Nostalgia feature - Recalling nursing experiences from back in the day

Looking back through our archives we have come across this interview with 96 year old Jean Macmillan given to former Gazette reporter Laura F.C. Maciver in October 2007.
Jean spent some time as a theatre nurse in Glasgow. In this image she is pictured second from the left with her team.Jean spent some time as a theatre nurse in Glasgow. In this image she is pictured second from the left with her team.
Jean spent some time as a theatre nurse in Glasgow. In this image she is pictured second from the left with her team.

Jean tells Laura all about her nursing experiences, especially her work to help deliver babies and during the years of the second world war.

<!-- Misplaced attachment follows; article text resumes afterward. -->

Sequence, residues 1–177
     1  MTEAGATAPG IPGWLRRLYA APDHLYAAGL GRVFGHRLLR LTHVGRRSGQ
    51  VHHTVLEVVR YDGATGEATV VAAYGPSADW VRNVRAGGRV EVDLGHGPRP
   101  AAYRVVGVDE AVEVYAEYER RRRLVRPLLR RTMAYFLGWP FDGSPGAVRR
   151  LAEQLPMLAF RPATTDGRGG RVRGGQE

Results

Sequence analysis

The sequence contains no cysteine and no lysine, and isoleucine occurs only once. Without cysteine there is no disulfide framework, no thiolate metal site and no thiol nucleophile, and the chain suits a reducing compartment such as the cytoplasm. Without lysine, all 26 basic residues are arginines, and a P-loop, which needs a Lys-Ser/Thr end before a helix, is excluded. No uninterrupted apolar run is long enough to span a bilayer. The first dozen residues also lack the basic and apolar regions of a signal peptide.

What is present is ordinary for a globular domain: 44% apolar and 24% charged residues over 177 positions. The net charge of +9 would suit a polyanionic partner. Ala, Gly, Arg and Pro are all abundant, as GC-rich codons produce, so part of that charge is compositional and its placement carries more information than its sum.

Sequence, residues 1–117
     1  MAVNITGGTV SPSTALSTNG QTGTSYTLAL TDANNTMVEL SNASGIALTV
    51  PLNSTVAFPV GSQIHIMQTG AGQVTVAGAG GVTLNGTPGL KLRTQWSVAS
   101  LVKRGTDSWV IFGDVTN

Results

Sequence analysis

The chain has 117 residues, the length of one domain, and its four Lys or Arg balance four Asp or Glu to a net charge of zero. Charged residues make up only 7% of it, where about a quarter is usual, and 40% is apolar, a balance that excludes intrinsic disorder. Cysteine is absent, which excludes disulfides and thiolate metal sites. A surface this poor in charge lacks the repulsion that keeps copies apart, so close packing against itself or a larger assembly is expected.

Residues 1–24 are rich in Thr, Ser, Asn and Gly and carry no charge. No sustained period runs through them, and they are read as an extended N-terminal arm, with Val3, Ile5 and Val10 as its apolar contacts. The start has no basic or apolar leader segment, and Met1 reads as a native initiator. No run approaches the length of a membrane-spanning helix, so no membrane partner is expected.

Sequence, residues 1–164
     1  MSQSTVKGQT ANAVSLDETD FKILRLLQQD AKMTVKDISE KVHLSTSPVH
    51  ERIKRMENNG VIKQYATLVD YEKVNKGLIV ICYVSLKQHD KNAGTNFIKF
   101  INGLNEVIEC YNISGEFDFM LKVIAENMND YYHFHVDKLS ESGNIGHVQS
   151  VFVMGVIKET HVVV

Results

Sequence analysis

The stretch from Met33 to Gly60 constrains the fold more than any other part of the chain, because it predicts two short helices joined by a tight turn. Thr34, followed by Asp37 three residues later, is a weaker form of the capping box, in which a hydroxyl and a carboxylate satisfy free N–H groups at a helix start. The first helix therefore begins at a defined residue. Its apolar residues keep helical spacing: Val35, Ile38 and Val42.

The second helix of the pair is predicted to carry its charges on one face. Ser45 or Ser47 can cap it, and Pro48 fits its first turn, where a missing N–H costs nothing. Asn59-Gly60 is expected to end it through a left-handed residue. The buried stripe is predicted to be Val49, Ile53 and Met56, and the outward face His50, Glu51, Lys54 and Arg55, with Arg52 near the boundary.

“Lorry loads of soldiers with skin conditions were coming back at that time, and that’s what we were doing, taking care of them.”

So begins Jean Macmillan’s tales of nursing in the Second World War.

Having already lost one brother in the First World War and losing her youngest only three days into the second, Jean’s memories of the war are understandably not the most pleasant.

Born in June 1911, Jean chose nursing following a six year stint as an office worker, which taught her one simple thing; she had more spirit and ambition than to spend her life in such monotony: “I was in college for a year when I came out of school - I actually came out of school to go to college. I was only 14, but I wanted to do shorthand and typing and that’s what I wanted to do - a job in an office.

“I was in an office for six years and I was only gettlng 10 shillings a week,” she nods flrmly at my shock.

“It’s true; 50p a week. I said, “this is not for me,” and you know my mother had sacrificed a lot, because she had lost her husband, lost her son and she’d sacrificed a lot for me and ten shillings a week was rubbish.”